I prefer managing my DNS through premium DNS providers like Cloudflare (free) or DNSMadeeasy, however, I will talk about that in another article as it can get confusing.
Now go back to Vultr and in the “Servers” main menu click the “DNS” submenu and click the “Add Domain” button as marked below:
In the next step just fill out the new IP of your server (you can check it in your server’s dashboard or the email you received after launching your server) and write down the domain you’re pointing from GoDaddy/Namecheap. In my case, I just wrote down “yourlander.com” as an example.
After you click the “Add” button from above, you’ll see your A/CNAME/MX/NS records and you’re good to go.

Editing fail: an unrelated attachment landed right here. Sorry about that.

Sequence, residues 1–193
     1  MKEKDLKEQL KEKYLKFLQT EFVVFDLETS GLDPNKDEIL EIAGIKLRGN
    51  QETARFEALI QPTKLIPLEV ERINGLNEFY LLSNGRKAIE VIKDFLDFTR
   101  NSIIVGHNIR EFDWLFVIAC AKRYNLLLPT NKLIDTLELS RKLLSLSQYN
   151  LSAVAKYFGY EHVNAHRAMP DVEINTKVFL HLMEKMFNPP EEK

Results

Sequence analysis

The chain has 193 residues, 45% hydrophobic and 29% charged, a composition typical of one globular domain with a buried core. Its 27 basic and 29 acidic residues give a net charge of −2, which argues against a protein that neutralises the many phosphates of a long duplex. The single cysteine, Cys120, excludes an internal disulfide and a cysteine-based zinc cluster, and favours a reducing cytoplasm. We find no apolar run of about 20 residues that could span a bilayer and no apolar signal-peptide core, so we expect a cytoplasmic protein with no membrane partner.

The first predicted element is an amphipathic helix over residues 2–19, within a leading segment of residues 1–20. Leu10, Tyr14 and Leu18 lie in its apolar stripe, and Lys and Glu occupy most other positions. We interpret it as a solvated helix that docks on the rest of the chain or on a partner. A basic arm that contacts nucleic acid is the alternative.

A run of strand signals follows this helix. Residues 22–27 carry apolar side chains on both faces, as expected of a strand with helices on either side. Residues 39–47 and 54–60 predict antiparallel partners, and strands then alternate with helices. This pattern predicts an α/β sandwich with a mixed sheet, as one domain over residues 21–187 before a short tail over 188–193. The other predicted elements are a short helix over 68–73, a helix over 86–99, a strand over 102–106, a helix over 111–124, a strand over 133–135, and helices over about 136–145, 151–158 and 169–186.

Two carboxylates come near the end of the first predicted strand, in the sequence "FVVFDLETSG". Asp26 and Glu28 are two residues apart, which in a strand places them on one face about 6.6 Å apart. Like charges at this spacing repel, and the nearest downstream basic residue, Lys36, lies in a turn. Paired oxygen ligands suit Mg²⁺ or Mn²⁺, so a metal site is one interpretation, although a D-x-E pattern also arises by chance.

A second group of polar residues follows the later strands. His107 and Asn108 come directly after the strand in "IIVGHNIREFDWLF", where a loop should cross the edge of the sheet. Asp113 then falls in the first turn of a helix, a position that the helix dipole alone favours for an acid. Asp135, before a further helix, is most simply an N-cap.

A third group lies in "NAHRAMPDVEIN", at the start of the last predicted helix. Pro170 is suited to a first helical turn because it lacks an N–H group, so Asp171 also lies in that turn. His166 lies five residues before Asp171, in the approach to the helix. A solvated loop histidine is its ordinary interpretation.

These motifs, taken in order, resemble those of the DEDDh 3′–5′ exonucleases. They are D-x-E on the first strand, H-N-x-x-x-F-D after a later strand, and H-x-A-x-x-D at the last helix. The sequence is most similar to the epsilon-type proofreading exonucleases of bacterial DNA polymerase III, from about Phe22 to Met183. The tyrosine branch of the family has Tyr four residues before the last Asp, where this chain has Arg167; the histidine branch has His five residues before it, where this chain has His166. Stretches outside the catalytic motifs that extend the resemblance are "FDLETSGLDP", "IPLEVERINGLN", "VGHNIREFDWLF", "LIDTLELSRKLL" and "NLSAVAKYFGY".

If the DNS settings have been propagated to your location you should now be able to type the domain in your browser and see an image with Vultr’s logo or some branding. At this moment even if you don’t see anything it doesn’t matter since your VPS is still empty and you need to install your server software and upload your landing pages for it to work.
Create your Vultr account: CLICK HERE TO GET A $100 SIGN UP BONUS.
Installing your stack and SSL certificate with Serverpilot
As I explained before, your server right now has a clean installation of Ubuntu (OS) and it doesn’t work to serve online pages yet.
Before I used to recommend setting up an application straight from Vultr to install a LEMP setup but the problem was that it wasn’t easy to add an SSL certificate for your domain unless you’re good and coding and have some server knowledge.
Since most affiliates focus on learning marketing skills and not coding skills we’re going to use a software that helps us install a fast server stack and also apply our SSL certificate within a few minutes.
This software is called Serverpilot and you can sign up right here.